comes from the simplified implementation which is the ERC in a mini-batch. As Eq. (21) calculates average over the spatial dimension of , elements in different spatial locations of has equal contribution to . Thus, the partial derivative of w.r.t. is:




in which is the sign of each element in . Considering the impact of Rademacher variable and similar to the method in FC layer, random variables and are introduced to simply Eq. (22), which are used to approximate and the channel selection process of respectively. Each element in is with equal probability and each element in follows the standard normal distribution . Given the gradient, the distortion is updated in a similar way as FC layer. The algorithm of the feature distortion on the convolutional layers is similar to Algorithm 1.

Different from the method applied on FC layers where each element of the binary mask is sampled independently, we draw lessons from DropBlock [6] where elements in a contiguous square block with given size of the feature map is distorted simultaneously. We denote the extension of the proposed method to convolutional layers as “block feature map distortion”.


In this section, we conduct experiments on several benchmark datasets to validate the effectiveness of the proposed feature map distortion method. The method is implemented on both FC layers and convolutional layers, which are validated with conventional CNNs and modern CNNs (e.g. ResNet) respectively. In order to set unified hyper-parameters for different layers, we multiply by the standard deviation of the feature maps in each layer, and alternately update the distortion and weight one step for efficiency. The distortion probability (dropping probability for dropout and dropblock) increases linearly from 0 to the appointed distortion probability following [6].

Experiments on Fully Connected Layers

Model CIFAR-10 (%) CIFAR-100 (%)
Resnet-56 93.95 0.09 71.81 0.21
Resnet-56 + DropBlock [6] 94.18 0.14 73.08 0.23
Resnet-56 + Block Feature Map Distortion 94.50 0.15 73.71 0.20
Table 2: Accuracies of ResNet-56 on CIFAR10 and CIFAR-100 dataset.

To validate the effect of the proposed feature map distortion method implemented on the FC layers, we conduct experiments on a conventional CNN on CIFAR-10 and CIFAR-100 dataset. The proposed method is compared with multiple state-of-the-art variants of dropout.

Dataset. CIFAR-10 and CIFAR-100 dataset both contain 60000 natural images with size . 50000 images are used for training and 10000 for testing. The images are divided into 10 categories and 100 categories, respectively. 20% of the training data are regarded as validation sets. Data augmentation method is not used for fair comparison.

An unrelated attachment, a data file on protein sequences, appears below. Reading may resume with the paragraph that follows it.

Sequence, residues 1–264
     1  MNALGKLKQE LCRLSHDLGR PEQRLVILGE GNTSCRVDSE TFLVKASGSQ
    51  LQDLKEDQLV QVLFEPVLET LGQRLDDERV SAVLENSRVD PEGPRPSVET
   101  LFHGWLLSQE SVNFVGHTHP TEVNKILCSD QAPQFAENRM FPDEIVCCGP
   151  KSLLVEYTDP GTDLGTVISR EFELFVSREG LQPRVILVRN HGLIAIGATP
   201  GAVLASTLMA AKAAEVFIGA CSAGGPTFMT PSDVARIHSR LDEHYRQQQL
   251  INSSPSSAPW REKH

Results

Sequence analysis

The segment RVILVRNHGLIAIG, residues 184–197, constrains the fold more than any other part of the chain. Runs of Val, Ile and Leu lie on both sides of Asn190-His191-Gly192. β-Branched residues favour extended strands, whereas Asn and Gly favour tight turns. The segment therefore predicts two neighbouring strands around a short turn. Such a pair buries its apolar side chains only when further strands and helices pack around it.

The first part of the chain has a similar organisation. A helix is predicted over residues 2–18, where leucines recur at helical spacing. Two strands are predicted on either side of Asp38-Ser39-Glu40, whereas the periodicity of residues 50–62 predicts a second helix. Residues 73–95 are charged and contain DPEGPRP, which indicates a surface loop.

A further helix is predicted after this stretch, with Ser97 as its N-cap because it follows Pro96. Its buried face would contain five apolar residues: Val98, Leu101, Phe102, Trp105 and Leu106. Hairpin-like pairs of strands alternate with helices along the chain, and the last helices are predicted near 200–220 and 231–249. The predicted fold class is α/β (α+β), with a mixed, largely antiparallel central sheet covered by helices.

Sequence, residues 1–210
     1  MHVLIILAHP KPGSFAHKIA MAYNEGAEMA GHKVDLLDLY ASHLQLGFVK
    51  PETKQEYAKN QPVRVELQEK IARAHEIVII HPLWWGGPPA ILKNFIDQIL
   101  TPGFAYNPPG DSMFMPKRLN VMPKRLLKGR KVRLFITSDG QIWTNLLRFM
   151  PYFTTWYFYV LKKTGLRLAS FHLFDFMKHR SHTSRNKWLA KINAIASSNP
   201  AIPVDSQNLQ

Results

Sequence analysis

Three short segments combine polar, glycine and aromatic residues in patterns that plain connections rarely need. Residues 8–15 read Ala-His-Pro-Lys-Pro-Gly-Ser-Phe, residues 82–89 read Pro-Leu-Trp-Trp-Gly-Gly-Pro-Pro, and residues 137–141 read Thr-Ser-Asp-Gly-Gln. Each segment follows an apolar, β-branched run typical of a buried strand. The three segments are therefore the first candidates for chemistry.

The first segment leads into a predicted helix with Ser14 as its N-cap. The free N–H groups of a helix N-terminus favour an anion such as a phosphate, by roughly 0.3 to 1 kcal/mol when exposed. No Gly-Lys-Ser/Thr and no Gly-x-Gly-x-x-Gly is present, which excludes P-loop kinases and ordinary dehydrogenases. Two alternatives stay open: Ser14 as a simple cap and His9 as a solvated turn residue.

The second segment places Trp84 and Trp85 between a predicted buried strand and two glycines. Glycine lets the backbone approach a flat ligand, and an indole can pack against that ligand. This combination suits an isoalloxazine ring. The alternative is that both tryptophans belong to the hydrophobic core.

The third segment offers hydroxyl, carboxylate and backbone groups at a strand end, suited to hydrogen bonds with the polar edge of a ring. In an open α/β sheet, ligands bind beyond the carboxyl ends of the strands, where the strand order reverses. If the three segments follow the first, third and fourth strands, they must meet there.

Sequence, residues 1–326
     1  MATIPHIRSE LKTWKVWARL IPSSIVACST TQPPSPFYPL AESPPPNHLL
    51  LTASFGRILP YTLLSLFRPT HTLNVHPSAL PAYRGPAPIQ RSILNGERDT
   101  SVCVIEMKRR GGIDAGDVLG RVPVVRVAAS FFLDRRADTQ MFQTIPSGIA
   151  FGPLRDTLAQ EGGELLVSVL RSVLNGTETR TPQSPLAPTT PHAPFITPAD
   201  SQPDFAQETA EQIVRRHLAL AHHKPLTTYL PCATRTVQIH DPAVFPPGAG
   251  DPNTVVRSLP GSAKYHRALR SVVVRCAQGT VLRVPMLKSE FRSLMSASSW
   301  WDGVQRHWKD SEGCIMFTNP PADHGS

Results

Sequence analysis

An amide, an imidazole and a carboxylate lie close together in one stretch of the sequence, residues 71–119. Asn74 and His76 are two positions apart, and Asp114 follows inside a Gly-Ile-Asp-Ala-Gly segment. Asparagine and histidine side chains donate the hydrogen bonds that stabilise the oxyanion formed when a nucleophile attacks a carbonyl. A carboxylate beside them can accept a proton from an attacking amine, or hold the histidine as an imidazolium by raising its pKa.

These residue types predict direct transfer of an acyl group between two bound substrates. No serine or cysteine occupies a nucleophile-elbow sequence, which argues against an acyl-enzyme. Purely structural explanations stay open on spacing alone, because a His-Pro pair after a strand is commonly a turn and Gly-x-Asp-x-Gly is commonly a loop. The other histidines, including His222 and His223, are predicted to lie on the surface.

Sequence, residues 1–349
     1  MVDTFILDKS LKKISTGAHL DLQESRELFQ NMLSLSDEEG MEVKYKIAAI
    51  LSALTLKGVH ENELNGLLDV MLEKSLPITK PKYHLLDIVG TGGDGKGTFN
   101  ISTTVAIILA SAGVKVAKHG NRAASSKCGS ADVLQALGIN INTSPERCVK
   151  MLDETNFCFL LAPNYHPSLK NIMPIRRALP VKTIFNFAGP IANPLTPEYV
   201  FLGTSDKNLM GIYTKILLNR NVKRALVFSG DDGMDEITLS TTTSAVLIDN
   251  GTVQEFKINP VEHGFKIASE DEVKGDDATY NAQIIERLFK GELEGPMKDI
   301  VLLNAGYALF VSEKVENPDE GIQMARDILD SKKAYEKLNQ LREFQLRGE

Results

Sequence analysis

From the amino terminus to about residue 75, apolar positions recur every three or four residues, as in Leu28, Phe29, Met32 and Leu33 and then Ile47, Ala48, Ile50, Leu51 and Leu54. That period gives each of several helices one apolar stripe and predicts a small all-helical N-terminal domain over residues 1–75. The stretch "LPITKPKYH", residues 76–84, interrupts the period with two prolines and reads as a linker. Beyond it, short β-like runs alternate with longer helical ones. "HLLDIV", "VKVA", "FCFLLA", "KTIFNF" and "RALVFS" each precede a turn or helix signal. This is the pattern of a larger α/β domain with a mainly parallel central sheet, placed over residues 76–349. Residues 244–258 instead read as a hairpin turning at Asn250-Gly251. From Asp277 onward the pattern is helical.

Implementation details. The conventional CNN has three convolutional layers with 96, 128 and 256 filters, respectively. Each layer consists of a

convolutional operation with stride 1 followed by a

max-pooling operation with stride 2. Then the features are sent to two fully-connected layers with 2048 hidden units each. We implement the distortion method on each FC layer. Distortion probability is selected from {0,4, 0.5, 0.6} and the step length

is set to 5. The model is trained for 500 epoch with batchsize 128. The learning rate is initialized with 0.01, and decayed by a factor of 10 at 200, 300 and 400 epochs. We run our method 5 times with different random seeds and report the average accuracy with standard deviation.

Compared methods. The CNN model trained without extra regularization tricks is used as the baseline model. Further more, we compare our method with the widely used dropout method [11] and several state-of-the-art variants, including Vardrop [13], Sparse Vardrop [17] and RDdrop [28].

Results. The test accuracies on both CIFAR-10 and CIFAR-100 are summarized in Table 1. The proposed feature map distortion method is superior to the compared methods by a large margin on both two datasets. CNN trained with the help of the proposed method achieves an accuracy of 85.24%, which improves the performance of the state-of-the-art RDdrop method with 2.13% and 1.58% on CIFAR-10 and CIFAR-100 dataset, respectively. It shows that the proposed feature map distortion method can reduce the empirical Rademacher complexity effectively while preserve the representation power of the model, resulting in a better test performance.